January 30, 2022

Review: Who’s Afraid of Virginia Woolf? at the Dunstan Playhouse

Edward Albee’s classic, Who’s Afraid of Virginia Woolf finally makes it’s debut to eager and excited audience members, after rescheduling from September 2021. And it’s worth the wait. First staged in 1962, the play examines the complex and dangerous marriage of a middle-aged academic couple, Martha and George. In the early hours following a university faculty party, Martha invites an unwitting younger couple, Nick and Honey, as guests to her home, and draws them into their bitter, twisted and maddening relationship. A play in three acts, with two intermissions, the title, which alludes to the English novelist Virginia Woolf, is also a pun on the song ‘Who’s Afraid of the Big Bad Wolf?’ from Disney’s Three Little Pigs. In the first moments of the play, we are told that someone sang the song earlier in the evening at the party, and Martha repeatedly pesters George over whether he found it funny. Act One, entitled ‘Fun and Games’, flows as quickly as the liquor the characters are drinking. Martha and George engage in scathing verbal abuse […]
September 23, 2021

Review: Blood Brothers by The Princes Players at ANZAC Hall, Prince Alfred College

With book, music and lyrics by Willy Russell [of Educating Rita and Shirley Valentine fame], Blood Brothers, set in the 1960s, tells the story of a contemporary nature versus nurture plot, revolving around fraternal twins Mickey and Eddie, who were separated at birth, one subsequently being raised in a wealthy family, the other in a poor family. The different environments take the twins to opposite ends of the social spectrum, one becoming a councillor, and the other unemployed and in prison. They both fall in love with the same girl, causing a rift in their friendship and leading to the tragic death of both brothers. Inspired by a one-act play Russell read as a child ‘about two babies switched at birth. Originally developed as a school play in the early 1980s, Blood Brothers then ran for 27 years in the West End, before being reproduced on Broadway, with cult following. Making its way back to the school scene with The Princes Players, this production packs a punch with a complete cast and crew of high school […]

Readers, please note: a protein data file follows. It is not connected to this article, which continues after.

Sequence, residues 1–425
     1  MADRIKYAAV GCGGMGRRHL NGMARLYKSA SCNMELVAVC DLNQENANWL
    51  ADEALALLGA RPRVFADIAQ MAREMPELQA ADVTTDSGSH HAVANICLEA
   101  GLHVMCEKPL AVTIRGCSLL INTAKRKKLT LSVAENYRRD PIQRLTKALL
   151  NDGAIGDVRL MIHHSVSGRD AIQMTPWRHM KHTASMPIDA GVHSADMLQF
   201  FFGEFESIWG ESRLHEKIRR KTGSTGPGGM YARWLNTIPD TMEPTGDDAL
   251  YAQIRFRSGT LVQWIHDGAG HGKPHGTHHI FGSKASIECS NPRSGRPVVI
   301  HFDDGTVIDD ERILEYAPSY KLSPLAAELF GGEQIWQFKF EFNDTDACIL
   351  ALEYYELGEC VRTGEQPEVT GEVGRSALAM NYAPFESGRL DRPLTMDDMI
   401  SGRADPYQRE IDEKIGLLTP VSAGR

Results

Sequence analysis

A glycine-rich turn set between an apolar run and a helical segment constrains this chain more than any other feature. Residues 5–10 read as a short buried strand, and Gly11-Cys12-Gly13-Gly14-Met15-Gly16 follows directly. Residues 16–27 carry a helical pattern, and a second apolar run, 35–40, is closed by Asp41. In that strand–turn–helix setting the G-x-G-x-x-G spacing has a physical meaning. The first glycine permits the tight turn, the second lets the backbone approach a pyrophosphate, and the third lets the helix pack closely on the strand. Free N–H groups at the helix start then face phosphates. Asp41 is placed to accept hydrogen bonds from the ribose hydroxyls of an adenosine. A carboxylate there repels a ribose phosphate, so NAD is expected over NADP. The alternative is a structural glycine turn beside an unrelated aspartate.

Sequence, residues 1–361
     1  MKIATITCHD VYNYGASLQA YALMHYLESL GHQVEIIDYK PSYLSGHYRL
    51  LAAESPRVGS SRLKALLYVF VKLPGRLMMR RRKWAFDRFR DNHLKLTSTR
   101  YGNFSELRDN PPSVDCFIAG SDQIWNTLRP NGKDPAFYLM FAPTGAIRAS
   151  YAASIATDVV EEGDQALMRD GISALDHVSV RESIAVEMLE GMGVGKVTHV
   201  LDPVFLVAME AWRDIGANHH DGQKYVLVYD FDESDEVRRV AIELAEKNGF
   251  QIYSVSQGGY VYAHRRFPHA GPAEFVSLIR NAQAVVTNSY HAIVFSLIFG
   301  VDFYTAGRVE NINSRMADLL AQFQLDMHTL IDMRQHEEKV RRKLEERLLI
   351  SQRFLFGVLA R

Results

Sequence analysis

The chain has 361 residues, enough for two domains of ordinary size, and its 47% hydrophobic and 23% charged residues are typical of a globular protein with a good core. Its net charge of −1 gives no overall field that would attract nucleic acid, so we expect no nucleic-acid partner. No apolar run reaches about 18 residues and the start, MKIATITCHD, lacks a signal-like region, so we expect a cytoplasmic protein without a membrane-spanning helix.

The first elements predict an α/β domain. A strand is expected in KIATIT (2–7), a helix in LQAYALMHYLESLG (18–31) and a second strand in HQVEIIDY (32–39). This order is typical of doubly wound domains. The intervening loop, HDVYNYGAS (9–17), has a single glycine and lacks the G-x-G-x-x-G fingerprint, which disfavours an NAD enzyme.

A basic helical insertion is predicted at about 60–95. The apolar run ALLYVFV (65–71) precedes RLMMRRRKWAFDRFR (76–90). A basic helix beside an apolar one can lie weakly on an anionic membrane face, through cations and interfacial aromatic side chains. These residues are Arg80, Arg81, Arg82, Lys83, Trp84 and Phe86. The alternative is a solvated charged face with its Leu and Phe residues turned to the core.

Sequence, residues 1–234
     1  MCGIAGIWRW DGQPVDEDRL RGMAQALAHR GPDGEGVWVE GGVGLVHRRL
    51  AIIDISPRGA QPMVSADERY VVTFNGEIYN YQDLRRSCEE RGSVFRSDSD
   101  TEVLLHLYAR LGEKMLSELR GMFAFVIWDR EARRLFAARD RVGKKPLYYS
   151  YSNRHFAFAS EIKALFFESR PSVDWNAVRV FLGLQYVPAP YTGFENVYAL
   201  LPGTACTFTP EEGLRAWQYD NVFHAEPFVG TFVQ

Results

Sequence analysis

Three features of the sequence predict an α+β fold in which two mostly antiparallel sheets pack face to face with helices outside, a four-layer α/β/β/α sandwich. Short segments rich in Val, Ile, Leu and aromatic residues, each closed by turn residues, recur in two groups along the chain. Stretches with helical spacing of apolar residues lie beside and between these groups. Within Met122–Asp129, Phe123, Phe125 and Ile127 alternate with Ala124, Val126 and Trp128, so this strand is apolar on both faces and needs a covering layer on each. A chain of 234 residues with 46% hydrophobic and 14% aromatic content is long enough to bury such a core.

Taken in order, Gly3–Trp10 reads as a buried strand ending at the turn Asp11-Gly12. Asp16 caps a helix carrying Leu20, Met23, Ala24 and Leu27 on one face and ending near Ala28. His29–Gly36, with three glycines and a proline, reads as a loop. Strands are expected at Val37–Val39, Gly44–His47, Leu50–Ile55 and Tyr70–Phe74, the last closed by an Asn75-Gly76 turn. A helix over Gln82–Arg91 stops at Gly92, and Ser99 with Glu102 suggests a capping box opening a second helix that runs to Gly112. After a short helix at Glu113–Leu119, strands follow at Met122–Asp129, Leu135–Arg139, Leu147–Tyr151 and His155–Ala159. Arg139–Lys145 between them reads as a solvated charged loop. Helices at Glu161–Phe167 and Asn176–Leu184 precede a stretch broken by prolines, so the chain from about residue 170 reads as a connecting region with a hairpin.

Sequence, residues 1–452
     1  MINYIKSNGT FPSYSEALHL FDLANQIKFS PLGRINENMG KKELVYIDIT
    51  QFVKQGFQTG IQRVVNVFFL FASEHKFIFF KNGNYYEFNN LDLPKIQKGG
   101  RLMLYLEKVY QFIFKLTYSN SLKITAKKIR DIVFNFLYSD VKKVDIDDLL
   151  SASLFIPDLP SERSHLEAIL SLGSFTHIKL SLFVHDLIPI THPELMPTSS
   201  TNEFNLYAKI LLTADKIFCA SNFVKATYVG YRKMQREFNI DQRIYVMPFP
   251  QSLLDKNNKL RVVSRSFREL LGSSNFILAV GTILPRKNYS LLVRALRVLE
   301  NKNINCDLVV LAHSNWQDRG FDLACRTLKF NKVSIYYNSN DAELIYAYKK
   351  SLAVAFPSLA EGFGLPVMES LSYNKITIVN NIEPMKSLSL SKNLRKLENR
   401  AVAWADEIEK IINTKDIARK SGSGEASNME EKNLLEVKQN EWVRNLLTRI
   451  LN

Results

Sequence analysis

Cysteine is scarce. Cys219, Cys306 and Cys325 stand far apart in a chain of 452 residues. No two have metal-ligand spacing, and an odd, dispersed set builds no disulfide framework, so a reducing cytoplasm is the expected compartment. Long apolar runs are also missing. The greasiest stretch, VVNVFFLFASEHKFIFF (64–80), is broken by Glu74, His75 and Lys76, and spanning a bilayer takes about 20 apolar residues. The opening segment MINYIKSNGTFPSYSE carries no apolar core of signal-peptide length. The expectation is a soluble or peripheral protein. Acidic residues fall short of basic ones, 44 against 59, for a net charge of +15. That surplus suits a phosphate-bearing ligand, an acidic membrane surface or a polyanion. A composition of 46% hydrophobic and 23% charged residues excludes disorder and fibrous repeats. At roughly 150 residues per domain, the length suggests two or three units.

May 30, 2021

Review: Chess the Musical at Her Majesty’s Theatre

Capitalising on the success of the Netflix hit The Queens Gambit, StoreyBoard Entertainment bring to life a semi-staged concert production of the much loved, and listened to, Chess the Musical. With music by Benny Andersson and Björn Ulvaeus of the pop group ABBA, lyrics by Ulvaeus and Tim Rice, and book by Rice, the story involves a politically driven, Cold War–era chess tournament between two grandmasters, one American and the other Soviet Russian, and their fight over a woman who manages one and falls in love with the other. Chess symbolically reflected the Cold War tensions present in the 1980s. The musical has been referred to as a metaphor for the whole Cold War, with the insinuation being made that the Cold War is itself a manipulative game. As with other productions such as Jesus Christ Superstar and Evita, a highly successful concept album was released prior to the first theatrical production. In the case of Chess, the concept album was released in the autumn of 1984 while the show opened in London’s West End […]